Specialist in immune research distinguished
Biochemist Robert Tampé has been elected to the European Molecular Biology Organization EMBO
FRANKFURT. Professor Robert Tampé, Director of the Institute of Biochemistry at Goethe University, has been elected to the European Organization for Molecular Biology, EMBO. The specialist in immune research thus ranks at one of the best researchers in Europe and the world.
“It’s a special distinction for the whole team, who were able to illuminate fundamental aspects of the adaptive immune system,” says Robert Tampé. “These discoveries will not only find their way into textbooks, but will also provide a variety of therapeutic approaches for combatting infectious diseases and cancer.”
Just last year, Tampé was awarded an “ERC Advanced Grant” by the European Research Council amounting to 2.5 million euros. This project is dedicated to the question of how certain viruses circumvent control by the immune system. It particularly looks at molecular transport mechanisms that carry fragments of invading viruses to the cell’s surface where they attract the attention of the T-cells of the immune system. Knowing how viruses bypass this process promises progress in the field of infectious and autoimmune diseases as well as in cancer research.
The Reinhard Koselleck project, with 1.5 million euros in funding from the German Research Foundation (DFG), also deals with the quality control and assembly by macromolecular complexes that trigger the immune system. Through the Koselleck program, the DFG enables outstanding researchers to pursue exceptionally innovative and higher-risk projects. Tampé and his team are investigating the organization of the antigen quality control locations both inside the cell and in the cell membrane. The challenge lies in decoding the structure and function of larger, differently assembled protein complexes which, moreover, rarely exist in intercellular membranes.
Robert Tampé studied chemistry at the Technical University Darmstadt where he received his doctorate in biochemistry. As Max-Kade Fellow, he explored mechanistic aspects of antigen presentation at Stanford University. From 1992 to 1998, he headed a research group at the Max Planck Institute of Biochemistry in Martinsried and he was appointed as Assistant Professor in Biochemistry at the Technical University of Munich in 1996. From 1996 to 1998 he was DFG Heisenberg Fellow. Subsequently, he headed the Institute of Physiological Chemistry at the Faculty of Medicine of the University of Marburg. Since 2001, he has been the director of the Institute of Biochemistry at Goethe University. He also holds honorary visiting professorships at the University of Oxford and University of Kyoto.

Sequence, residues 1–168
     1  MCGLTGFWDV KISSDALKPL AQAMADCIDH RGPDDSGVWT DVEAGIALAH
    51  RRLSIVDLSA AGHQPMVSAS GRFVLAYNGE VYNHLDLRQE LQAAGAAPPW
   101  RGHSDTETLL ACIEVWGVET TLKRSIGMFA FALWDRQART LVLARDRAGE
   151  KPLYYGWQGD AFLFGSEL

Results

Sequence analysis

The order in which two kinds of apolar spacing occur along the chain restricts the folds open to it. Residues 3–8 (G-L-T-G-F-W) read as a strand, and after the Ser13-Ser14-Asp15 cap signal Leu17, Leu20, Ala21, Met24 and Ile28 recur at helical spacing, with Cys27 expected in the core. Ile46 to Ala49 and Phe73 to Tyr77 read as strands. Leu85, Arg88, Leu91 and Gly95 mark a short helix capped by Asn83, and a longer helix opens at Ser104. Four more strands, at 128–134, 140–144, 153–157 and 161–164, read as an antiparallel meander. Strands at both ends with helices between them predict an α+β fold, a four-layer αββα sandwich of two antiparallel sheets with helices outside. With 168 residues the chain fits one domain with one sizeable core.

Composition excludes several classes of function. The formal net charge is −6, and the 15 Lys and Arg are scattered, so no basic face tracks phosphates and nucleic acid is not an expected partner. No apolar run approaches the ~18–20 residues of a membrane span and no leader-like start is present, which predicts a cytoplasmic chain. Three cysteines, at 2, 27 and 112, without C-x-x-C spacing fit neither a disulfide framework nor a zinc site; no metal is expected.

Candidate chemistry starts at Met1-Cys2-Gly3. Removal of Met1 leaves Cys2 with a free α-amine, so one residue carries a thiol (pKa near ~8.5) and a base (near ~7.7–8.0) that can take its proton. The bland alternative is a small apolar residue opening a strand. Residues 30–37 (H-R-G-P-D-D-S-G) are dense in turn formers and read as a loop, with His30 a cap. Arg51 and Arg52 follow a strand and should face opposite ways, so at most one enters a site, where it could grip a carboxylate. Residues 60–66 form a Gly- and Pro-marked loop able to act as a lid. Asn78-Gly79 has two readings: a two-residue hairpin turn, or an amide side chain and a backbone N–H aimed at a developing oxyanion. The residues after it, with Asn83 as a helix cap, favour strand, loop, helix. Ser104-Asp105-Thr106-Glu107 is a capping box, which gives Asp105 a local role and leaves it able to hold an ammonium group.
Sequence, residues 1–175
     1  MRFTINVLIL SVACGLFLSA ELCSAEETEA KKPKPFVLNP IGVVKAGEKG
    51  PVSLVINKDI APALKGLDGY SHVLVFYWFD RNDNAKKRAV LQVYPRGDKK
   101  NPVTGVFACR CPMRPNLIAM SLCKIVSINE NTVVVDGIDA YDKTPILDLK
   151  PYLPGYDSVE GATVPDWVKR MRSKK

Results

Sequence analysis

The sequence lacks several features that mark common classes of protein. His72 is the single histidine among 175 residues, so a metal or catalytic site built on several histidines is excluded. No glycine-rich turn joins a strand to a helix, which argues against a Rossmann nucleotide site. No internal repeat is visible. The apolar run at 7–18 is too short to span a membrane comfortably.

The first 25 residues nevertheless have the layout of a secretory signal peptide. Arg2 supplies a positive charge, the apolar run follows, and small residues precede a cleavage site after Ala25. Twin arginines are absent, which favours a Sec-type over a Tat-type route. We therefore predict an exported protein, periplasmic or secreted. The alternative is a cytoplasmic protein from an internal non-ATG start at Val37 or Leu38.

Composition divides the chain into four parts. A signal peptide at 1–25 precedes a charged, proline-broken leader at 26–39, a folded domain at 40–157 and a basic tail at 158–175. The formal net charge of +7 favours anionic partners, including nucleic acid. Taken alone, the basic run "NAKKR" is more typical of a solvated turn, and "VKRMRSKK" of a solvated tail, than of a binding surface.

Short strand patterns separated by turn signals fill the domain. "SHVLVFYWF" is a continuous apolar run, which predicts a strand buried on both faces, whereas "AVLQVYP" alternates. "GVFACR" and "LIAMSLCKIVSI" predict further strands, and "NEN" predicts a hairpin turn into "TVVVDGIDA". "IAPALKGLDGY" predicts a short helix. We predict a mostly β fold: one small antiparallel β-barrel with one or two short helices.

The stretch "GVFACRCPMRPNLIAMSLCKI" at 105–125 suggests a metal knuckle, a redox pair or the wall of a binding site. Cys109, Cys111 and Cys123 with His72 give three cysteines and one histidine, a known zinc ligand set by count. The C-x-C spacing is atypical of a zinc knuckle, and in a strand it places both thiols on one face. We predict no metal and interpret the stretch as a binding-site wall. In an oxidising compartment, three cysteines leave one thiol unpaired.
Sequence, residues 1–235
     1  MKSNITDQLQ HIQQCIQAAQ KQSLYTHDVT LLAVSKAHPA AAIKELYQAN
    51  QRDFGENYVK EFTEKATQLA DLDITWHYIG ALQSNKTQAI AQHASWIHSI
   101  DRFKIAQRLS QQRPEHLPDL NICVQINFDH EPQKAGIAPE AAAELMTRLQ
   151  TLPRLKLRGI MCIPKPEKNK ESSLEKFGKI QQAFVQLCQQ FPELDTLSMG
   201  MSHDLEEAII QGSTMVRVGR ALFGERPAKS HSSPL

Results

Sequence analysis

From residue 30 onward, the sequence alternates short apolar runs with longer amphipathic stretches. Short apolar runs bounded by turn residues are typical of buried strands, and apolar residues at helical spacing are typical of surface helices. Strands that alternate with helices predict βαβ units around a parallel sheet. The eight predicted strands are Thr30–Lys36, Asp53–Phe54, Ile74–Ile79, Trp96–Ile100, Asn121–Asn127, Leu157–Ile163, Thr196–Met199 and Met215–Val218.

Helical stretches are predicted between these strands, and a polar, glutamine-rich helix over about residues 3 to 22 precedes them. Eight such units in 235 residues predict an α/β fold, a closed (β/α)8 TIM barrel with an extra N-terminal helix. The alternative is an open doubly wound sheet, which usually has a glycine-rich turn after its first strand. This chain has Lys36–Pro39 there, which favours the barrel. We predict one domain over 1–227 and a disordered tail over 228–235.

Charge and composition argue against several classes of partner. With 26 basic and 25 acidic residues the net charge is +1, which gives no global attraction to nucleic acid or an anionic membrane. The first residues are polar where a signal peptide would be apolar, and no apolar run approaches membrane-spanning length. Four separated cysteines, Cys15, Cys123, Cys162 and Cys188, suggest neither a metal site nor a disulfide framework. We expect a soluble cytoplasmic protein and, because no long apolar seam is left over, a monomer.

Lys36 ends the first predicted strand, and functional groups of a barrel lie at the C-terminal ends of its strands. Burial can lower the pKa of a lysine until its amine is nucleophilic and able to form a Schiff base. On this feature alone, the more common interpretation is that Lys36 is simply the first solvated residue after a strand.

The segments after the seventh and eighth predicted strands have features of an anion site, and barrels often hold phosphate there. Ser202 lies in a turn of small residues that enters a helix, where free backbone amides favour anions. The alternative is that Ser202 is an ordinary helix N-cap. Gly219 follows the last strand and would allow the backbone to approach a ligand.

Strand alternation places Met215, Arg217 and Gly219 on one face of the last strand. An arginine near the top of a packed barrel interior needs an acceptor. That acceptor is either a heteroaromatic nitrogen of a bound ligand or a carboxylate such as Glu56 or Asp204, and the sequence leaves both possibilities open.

EMBO is an organization of more than 1800 leading researchers that promotes excellence in the life sciences. The major goals of the organization are to support talented researchers at all stages of their careers, stimulate the exchange of scientific information, and help build a European research environment where scientists can achieve their best work.
Further information: Prof. Dr. Robert Tampé, Institute of Biochemistry, Riedberg Campus, Tel. +49 69 798-29475, firstname.lastname@example.org
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Goethe University is a research-oriented university in the European financial centre Frankfurt am Main. The university was founded in 1914 through private funding, primarily from Jewish sponsors, and has since produced pioneering achievements in the areas of social sciences, sociology and economics, medicine, quantum physics, brain research, and labour law. It gained a unique level of autonomy on 1 January 2008 by returning to its historic roots as a „foundation university“. Today, it is one of the three largest universities in Germany. Together with the Technical University of Darmstadt and the University of Mainz, it is a partner in the inter-state strategic Rhine-Main University Alliance. Internet: www.uni-frankfurt.de
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Prof. Dr. Robert Tampé, Institute of Biochemistry, Riedberg Campus, Tel. +49 69 798-29475, firstname.lastname@example.org